New interactive rating tool reveals NHS wait times and bed availability9 Aug 2022 | Stephanie Prior
Amidst record-breaking heatwaves and a lengthy patient waiting list due to COVID backlogs, it is not surprising that this summer has been one of the busiest periods ever for the NHS. Less than half of all patients visiting hospital emergency departments are seen within 4 hours, and the waiting list for elective procedures has a hit a record high of 6.6 million.
A rating tool has been developed by a national newspaper and this is an interactive tool which shows a breakdown of each Trusts waiting lists, bed availability, as well as A&E attendance and waiting times for 145 NHS Trusts in England.
Using this tool revealed that University Hospitals Birmingham Foundation Trust had the longest wait time in May for routine care, as only 43% of approximately 160,000 patients were on the list for less than 18 weeks before they were offered a date for treatment. The NHS Rulebook says that all patients should start routine treatment within this timeframe of 18 weeks.
The backlog for routine treatment on the NHS has swollen from 6.4 million to 6.6. million in May 2022 and this is unlikely to improve. Many of these patients on the waiting lists are suffering unnecessarily while they wait for treatment. They may be unable to work which has a massive impact on life, physically, financially and emotionally.
Number two on the list is The Countess of Chester Hospital Trust and the interactive tool showed that only 44% of patients began treatment within the 18-week target after being on the waiting list for a routine operation.
Shockingly, nationwide only 6 NHS hubs saw over 90% of patients within this deadline.
At the time we used the interactive tool, at the University Hospitals Birmingham Foundation Trust 97.90% of the hospital beds were occupied and 38,065 patients were waiting for scans. The NHS target for these patients to be seen is less than 6 weeks; 552 patients were waiting 12 hours to be admitted to hospital. The NHS Trust therefore appears to be buckling under the pressure, the waiting lists are going up and the bed occupancy is high as the rates should be below 85%.
The NHS target for A&E patients to be seen is within 4 hours, but not one hospital out of the 145 NHS Trusts saw all A&E patients within this time. Hull University Teaching Hospitals saw only 48.7 % of patients within 4 hours and was the worst performing NHS Trust.
Approximately 22,000 patients had to wait for over 12 hours in A & E, with most of these long waits occurring at York and Scarborough Teaching Hospitals Trust, and United Lincolnshire Trust. The national average across England’s patients being seen within four hours was 70%, as opposed to 85% pre-COVID.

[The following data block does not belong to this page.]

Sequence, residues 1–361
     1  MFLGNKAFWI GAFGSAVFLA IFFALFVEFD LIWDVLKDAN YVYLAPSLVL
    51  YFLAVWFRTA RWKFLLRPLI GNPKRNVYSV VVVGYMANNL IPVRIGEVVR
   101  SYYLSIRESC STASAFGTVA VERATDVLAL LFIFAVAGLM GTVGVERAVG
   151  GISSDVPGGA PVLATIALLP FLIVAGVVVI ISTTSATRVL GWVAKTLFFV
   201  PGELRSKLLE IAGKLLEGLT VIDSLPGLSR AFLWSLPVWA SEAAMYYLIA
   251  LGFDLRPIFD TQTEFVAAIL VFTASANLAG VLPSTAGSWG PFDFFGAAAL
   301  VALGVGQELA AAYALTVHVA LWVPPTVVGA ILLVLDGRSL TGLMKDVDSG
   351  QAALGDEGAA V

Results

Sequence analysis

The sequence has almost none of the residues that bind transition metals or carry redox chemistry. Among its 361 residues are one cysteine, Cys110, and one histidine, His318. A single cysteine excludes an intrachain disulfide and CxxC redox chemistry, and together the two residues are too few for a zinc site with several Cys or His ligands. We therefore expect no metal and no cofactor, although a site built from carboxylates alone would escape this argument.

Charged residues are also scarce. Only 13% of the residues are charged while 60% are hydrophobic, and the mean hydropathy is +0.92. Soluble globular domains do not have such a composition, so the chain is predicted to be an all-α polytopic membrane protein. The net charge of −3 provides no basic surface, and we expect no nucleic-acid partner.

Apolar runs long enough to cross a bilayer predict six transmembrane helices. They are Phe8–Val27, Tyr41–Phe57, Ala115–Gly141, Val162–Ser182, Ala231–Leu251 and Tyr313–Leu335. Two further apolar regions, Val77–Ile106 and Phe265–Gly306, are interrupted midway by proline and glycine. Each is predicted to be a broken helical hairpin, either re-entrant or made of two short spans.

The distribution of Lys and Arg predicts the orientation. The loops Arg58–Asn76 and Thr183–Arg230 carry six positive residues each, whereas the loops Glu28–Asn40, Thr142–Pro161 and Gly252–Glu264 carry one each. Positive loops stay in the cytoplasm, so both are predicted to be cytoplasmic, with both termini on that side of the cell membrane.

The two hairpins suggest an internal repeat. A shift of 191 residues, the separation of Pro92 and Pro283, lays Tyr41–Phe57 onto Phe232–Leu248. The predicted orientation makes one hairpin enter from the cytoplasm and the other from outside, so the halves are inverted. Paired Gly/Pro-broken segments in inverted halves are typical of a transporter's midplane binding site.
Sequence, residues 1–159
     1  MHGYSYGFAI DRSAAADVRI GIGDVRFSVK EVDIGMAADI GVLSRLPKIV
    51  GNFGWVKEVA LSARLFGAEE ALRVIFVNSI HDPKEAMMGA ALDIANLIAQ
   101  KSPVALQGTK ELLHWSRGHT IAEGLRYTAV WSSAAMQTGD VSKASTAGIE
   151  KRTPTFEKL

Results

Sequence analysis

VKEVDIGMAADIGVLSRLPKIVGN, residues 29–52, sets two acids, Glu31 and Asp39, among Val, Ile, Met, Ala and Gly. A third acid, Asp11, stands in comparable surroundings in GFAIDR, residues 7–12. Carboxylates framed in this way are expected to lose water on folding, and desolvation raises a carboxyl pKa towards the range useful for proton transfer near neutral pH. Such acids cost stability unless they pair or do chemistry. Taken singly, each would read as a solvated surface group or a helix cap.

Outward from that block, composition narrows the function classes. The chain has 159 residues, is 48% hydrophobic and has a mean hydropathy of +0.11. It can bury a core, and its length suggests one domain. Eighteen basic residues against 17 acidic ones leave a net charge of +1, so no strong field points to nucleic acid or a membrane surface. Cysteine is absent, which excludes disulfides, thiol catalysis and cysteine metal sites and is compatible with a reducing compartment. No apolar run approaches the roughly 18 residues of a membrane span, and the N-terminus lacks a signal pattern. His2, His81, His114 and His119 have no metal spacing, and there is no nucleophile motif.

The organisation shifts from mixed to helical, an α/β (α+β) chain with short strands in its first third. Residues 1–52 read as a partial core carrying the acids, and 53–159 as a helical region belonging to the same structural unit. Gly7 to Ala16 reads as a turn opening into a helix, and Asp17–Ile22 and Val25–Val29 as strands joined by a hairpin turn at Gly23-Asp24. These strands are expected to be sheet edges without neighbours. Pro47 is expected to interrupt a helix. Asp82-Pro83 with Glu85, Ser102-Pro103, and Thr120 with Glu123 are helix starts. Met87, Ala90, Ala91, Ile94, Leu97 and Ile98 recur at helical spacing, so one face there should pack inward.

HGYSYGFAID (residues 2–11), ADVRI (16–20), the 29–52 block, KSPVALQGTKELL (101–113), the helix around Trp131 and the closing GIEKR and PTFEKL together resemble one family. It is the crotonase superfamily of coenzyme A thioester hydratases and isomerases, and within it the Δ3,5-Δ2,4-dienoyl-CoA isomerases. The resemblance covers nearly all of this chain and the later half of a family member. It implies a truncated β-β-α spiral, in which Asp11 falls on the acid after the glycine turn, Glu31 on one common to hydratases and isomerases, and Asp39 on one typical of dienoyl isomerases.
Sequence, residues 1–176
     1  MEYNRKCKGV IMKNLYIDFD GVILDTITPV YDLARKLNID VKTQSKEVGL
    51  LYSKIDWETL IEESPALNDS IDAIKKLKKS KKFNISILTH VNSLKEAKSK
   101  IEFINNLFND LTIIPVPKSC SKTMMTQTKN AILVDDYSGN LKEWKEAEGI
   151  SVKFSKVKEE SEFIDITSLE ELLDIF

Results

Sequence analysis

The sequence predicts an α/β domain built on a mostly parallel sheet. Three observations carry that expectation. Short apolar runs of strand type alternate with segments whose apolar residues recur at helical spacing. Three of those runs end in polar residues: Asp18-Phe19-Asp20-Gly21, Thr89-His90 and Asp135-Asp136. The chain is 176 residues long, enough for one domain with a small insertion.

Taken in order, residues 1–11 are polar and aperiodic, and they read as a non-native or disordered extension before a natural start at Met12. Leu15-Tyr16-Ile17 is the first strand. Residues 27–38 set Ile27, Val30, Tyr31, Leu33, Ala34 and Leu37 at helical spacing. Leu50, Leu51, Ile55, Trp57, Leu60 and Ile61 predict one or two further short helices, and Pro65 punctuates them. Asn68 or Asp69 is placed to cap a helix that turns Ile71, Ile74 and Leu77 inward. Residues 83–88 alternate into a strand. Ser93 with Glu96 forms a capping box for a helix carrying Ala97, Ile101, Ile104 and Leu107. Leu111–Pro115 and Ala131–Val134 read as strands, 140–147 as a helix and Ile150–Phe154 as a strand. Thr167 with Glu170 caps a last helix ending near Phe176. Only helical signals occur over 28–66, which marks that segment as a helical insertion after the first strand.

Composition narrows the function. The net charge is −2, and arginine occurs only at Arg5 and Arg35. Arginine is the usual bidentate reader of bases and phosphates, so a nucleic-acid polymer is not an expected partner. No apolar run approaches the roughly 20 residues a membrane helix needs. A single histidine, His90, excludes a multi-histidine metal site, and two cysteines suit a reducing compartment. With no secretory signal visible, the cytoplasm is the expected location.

In terms of diagnostic scans, such as CT scans and x-rays, over 1.5 million patients are waiting to receive these whilst following the NHS guideline of within 6 weeks. However, nearly 408,000 of those had been waiting for over 6 weeks by May 2022, and over half of Queen Elizabeth King’s Lynn Trust patients had been waiting for 6 weeks or more, whilst 37% of patents had waited for over 3 months.
The average bed occupancy across the nation’s hospitals was 94%, with seven Trusts at 100% – these include North Middlesex University Hospital Trust, and the Isle of Wight Trust. It is recommended by health officials that bed occupancy needs to be under 85% in order for a hospital to run safely.
Nationally, the most available hospitals proved to be Moorfields Eye Hospital, Queen Victoria Hospital and Liverpool University Hospital, which saw approximately 40% of beds being taken.
What delays mean for patients?
This tool helpfully provides stats and figures, but we must remember that behind these numbers are real people waiting for treatment and dedicated NHS staff trying to provide the best care possible at the same time as trying to reduce waiting lists and wait times.
We have found that many patients who are suffering from medical conditions, may end up suffering in silence and prefer not to seek medical treatment as they fear that they will not be seen and then convince themselves that they will be ok. We are also representing individuals where a delay in diagnosis has worsened their prognosis and limited the effectiveness of treatment available to them.
The problems highlighted by this NHS Tool are deep rooted and highlight a key issue of recruitment and retention of staff in the NHS. In July 2022 it was reported that there were approximately 105,000 vacancies across the NHS. These chronic staff shortages mean that existing staff are working longer hours leading to tiredness and caring for more patients. This situation is compromising patient care at all levels and tragically leads to avoidable mistakes being made by overworked staff.
What to do if you have been affected?
If you have been affected by NHS wait times and this has worsened your condition and or limited the effectiveness of treatment available, please contact Stephanie Prior or complete online enquiry form below.
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